Naim Audio is aiming high with its maiden turntable, the $20,000 Solstice Special Edition, whose name is inspired by the world-famous Stonehenge site near its headquarters in Salisbury, England. With a limited production run of only 500 units, the meticulously crafted turntable boasts multiple levels of mechanical decoupling — including a plinth crafted from 47 metal-skinned layers of wood, a high-mass, polished-aluminum platter supported by a magnetic bearing, and a self-calibrating-motor drive system. But the crown jewel of the table is an updated version of the Aro tonearm the company introduced way back in 1989. Remarkably, the company never got around to introducing a table to go with the Aro until now.

Fitted with Naim’s Equinox moving-coil (MC) cartridge, the tonearm remains true to the Aro’s original design principles but has been upgraded with improved materials, including tungsten and carbon-fiber (the original was made of aluminum), and adjustments for bias, arm height, and azimuth. There is also a two-point slotted fixing alongside the three-point fixing to accommodate alternate cartridges.

Expected to ship in late July, the table includes a standalone Class A phono stage featuring discrete regulators (a first for Naim) and settings for up to 256 MC tuning combinations plus a separate smart power supply with an oversized toroidal transformer and isolated sections to drive the turntable and phono stage. When the turntable stops spinning, the supply automatically goes into sleep mode.

The Solstice phono stage and power supply are hand-built at Naim’s U.K. facility, while the turntable, Aro arm, and Equinox cartridge are manufactured to Naim’s specifications by Germany’s Clearaudio. The special-edition package is capped off with a commemorative book and a curated collection of superb true stereo recordings from Naim Records, newly remastered for vinyl.

For more information, visit naimaudio.com.

Scenic Labs Reduces Eye-Strain with Dirt-Cheap Bias Lighting for TVs
Scenic Labs, a New Jersey-based company specializing in video optimization products, has introduced a lower-cost version of its popular MediaLight Bias Lighting system. Ranging in price from $25 to $50, depending on screen size, the new LXI Bias Lighting system uses a simulated D65/6500K ColorGrade chip to provide a calibrated white reference that “enhances any display’s image and reduces eye strain,” while adhering to industry standards. The system is certified for color accuracy by the Imaging Science Foundation (ISF).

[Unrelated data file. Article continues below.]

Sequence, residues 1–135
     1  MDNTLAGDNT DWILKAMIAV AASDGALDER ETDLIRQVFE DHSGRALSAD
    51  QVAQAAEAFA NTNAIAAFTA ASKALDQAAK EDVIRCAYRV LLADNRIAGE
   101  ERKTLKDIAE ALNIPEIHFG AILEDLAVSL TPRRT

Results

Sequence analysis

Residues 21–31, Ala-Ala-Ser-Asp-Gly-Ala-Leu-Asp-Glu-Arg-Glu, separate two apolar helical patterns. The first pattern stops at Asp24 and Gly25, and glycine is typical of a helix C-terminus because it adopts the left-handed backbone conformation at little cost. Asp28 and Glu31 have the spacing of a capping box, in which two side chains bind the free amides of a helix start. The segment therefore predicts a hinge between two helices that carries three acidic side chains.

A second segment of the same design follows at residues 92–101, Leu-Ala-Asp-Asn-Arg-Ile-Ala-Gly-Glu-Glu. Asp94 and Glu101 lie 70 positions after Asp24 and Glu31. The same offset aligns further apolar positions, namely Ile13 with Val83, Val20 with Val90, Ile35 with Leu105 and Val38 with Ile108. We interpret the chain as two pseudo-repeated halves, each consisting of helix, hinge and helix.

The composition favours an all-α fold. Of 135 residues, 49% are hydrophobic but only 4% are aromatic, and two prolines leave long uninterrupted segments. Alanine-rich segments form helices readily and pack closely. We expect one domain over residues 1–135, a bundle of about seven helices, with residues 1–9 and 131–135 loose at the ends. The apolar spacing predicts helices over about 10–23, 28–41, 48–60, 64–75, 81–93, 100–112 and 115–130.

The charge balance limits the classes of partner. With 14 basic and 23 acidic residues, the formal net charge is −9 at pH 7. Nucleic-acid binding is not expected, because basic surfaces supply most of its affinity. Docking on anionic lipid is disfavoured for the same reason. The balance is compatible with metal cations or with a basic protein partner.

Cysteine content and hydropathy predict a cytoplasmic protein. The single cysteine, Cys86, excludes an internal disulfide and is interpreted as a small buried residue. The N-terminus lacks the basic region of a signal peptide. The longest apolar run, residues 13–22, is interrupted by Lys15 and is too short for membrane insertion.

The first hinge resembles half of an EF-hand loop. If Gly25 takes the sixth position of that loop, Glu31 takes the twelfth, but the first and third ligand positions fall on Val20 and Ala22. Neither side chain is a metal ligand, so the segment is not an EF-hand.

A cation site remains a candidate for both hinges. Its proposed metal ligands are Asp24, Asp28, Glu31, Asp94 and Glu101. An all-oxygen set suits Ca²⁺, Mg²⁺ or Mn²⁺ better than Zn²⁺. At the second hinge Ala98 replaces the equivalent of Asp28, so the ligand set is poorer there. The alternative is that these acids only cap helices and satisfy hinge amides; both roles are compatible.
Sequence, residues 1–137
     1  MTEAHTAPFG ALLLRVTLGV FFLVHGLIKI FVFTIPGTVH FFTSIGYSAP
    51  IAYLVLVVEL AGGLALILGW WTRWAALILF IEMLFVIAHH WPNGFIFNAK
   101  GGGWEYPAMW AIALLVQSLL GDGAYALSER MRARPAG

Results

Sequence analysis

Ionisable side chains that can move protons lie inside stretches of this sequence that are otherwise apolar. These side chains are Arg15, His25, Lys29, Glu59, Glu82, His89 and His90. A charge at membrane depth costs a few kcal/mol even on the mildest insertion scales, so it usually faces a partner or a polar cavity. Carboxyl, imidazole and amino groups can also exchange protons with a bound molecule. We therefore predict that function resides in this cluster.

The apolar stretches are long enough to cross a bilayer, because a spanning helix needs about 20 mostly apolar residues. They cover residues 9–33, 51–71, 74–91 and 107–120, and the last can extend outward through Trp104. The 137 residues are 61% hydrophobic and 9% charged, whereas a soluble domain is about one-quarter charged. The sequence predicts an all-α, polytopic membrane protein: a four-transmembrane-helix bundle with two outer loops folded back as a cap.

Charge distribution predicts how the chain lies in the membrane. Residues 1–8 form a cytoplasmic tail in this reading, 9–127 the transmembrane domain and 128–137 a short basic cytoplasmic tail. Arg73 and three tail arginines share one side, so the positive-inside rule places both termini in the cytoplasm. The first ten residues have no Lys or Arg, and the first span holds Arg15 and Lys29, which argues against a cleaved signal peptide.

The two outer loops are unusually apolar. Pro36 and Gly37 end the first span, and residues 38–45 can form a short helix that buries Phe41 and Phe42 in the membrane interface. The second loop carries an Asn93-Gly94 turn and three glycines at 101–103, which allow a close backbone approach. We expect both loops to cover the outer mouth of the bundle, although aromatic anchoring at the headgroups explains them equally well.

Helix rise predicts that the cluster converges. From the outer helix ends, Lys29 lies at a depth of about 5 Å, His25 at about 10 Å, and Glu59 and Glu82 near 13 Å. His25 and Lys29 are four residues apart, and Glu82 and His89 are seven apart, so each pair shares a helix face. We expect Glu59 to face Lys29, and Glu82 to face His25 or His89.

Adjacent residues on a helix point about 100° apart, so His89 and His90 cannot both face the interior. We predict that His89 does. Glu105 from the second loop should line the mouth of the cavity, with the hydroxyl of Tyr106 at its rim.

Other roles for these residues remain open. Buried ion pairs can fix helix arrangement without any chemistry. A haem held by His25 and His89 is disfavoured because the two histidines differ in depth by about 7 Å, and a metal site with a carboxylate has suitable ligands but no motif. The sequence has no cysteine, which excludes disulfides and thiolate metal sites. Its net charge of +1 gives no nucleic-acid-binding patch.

By making some modest changes in specification from our flagship MediaLight brand, we've been able to engineer a high-quality bias light that vastly outperforms the competition and costs less,” said company president Jason Rosenfeld, while warning that “low-cost alternatives on the market can compromise image quality by altering perceived color.”

LX1 lighting strips, which connect via the TV’s USB port, are available in six easy-to-install lengths with three-sided coverage for displays up to 129 inches (diagonal) and four-sided coverage for displays up to 95 inches. The company suggests using a dimmer with the system, which is compatible with a variety of aftermarket controllers. The LX1 is covered by a two-year warranty.

For more information, visit biaslighting.com.


Definitive Technology Introduces Descend Series Subs

Elac to Start Shipping Reference Speakers

Sonus faber Expands Entry-Level Lumina Series

Andover Previews Sub for its SpinBase System

Vizio Announces Pricing & Availability for 2022 TVs

Denon and Marantz Announce 8K Upgrades for Flagship AVR and Processor

Yamaha Revamps Flagship Aventage AV Receiver Line

Apple Music Adds Atmos, Lossless Audio in Sound Quality Makeover

Bluesound Announces Updates for Streaming Portfolio

News and New Gear for Spring 2021

Hisense Announces Availability of 2021 TV Lineup